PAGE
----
Propaganda Model- Media Sociology

1633 Words7 Pages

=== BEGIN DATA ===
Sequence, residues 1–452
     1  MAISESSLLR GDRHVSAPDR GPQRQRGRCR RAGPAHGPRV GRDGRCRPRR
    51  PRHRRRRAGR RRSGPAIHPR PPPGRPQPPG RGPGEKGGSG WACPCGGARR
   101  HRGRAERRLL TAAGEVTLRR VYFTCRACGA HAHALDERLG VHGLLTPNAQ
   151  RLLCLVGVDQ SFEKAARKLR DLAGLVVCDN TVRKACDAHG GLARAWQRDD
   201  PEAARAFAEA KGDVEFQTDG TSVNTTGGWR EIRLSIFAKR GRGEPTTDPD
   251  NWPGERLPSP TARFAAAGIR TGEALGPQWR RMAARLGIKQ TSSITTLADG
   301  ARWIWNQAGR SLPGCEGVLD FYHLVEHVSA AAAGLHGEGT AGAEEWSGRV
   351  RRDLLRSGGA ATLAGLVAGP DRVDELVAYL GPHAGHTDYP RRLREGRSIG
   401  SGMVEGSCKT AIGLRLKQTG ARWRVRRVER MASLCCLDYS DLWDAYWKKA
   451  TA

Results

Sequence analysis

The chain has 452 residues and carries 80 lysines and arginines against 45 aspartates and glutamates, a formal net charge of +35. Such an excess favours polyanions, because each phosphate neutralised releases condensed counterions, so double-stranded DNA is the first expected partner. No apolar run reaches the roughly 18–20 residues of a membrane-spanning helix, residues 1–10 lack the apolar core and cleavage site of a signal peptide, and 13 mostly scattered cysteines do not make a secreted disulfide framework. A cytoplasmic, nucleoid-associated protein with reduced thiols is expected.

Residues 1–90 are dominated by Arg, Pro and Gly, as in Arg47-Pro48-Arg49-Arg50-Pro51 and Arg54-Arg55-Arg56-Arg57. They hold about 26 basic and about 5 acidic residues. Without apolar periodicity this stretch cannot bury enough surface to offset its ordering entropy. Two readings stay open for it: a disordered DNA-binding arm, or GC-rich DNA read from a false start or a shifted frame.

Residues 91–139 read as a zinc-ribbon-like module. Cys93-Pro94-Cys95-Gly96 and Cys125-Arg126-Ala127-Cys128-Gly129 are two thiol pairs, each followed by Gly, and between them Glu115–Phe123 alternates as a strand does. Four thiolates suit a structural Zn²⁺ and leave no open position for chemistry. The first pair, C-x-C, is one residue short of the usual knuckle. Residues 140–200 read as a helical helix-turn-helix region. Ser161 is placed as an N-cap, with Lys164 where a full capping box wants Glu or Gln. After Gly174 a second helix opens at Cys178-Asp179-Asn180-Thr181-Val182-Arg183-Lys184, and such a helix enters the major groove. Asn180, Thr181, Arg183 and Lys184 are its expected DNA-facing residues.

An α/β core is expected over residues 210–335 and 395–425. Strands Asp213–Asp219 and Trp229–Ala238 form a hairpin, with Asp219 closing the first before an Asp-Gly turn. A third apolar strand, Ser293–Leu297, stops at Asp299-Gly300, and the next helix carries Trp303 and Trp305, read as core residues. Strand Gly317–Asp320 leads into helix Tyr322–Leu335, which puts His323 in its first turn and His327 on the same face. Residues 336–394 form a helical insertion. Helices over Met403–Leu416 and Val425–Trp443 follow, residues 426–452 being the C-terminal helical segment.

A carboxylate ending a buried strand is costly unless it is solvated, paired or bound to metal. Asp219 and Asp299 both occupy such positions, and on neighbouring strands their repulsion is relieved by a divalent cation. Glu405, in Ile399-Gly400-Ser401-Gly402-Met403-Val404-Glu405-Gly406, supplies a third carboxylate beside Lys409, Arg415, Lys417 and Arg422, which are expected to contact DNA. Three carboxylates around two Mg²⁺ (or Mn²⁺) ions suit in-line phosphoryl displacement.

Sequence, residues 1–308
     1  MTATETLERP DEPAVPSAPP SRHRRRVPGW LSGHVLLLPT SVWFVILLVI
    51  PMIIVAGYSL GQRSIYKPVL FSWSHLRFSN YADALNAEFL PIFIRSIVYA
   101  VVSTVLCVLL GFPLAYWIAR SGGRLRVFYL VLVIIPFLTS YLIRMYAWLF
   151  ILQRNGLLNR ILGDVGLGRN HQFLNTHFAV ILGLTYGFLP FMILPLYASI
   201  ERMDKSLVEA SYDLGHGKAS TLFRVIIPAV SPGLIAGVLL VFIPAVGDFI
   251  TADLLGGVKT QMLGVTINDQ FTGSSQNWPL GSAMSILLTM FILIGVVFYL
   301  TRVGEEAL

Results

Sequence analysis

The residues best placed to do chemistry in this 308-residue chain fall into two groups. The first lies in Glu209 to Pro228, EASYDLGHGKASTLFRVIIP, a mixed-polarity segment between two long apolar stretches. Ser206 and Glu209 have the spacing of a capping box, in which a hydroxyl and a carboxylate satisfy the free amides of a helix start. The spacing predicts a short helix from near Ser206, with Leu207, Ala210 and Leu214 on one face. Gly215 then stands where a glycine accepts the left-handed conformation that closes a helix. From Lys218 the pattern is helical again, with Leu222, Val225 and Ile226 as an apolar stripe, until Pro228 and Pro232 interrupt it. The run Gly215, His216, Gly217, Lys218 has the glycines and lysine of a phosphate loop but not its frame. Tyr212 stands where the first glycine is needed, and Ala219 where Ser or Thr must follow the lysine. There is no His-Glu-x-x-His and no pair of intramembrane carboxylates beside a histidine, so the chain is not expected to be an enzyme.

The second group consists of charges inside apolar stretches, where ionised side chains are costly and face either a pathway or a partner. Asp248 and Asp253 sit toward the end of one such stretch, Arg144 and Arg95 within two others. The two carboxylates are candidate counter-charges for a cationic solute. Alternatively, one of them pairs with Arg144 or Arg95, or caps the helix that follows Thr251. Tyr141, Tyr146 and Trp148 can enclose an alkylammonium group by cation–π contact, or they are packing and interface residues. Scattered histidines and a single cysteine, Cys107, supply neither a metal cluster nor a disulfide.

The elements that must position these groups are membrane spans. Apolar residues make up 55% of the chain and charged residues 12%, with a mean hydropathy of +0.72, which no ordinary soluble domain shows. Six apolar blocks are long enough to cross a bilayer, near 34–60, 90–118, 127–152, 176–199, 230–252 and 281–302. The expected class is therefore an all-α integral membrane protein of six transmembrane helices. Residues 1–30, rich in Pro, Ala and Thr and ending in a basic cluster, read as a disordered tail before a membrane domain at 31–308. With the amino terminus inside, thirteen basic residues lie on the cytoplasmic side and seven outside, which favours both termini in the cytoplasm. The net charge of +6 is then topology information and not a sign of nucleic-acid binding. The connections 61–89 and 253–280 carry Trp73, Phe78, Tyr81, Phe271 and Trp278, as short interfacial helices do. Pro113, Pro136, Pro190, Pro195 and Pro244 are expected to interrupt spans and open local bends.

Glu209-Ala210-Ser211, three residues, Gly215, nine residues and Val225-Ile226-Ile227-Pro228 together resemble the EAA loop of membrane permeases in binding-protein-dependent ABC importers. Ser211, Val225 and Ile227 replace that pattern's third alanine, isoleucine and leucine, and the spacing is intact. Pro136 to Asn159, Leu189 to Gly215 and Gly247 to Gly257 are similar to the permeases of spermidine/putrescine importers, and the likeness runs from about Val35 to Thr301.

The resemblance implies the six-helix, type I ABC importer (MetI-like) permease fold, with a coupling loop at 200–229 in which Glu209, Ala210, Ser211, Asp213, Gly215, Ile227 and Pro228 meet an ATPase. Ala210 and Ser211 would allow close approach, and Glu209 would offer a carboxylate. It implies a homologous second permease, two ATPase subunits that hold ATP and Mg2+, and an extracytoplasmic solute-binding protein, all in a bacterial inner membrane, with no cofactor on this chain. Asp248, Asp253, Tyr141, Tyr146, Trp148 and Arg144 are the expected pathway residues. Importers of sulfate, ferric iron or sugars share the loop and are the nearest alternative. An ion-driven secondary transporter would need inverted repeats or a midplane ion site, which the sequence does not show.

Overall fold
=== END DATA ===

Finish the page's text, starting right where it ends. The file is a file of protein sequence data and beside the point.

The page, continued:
“According to the Propaganda Model, how does mass media frame the world for audiences? How persuasive is this argument?” Noam Chomsky and Edward Herman first discussed the Propaganda Model in 1988 with the release of their book Manufacturing Consent. This model acknowledges the mass media's role in entertaining and informing the masses, but focuses on the use of propaganda to minimise dissent and indoctrinate people with certain values. The writers confess that the power of mass media is harder to understand in a democratic society, compared to one government controlling mass media for the interests of the state. It is in a democratic nation however, that mass media plays a highly important role: Chomsky goes as far as to liken the relationship between democracy and propaganda to that of violence and dictatorship. Thus implying not only that democracy is negatively associated with the use of propaganda, but that it is reliant on it: “The quality of a democracy now depends upon the information they (the media) provide” (Justin Lewis, “The Myth of the Liberal Media”). Free press is generally viewed as an element of a society free to discuss and change issues that people feel are important. This assumption overlooks the vital elements of mass media: encoding and decoding. The propaganda model focuses on who creates mass media, who decides what is 'news worthy' and- most importantly- why. Herman and Chomsky identify five 'media filters' that ensure the control of media content: the interests of the owners, advertising opportunities, reliance on state or expert information, the use and manipulation of flak to self discipline media and anti communism to maintain class division. These filters demonstrate just how the world is presented to mass media consumers. We need only to look at the owners of media makers to see the correlation between wealth,
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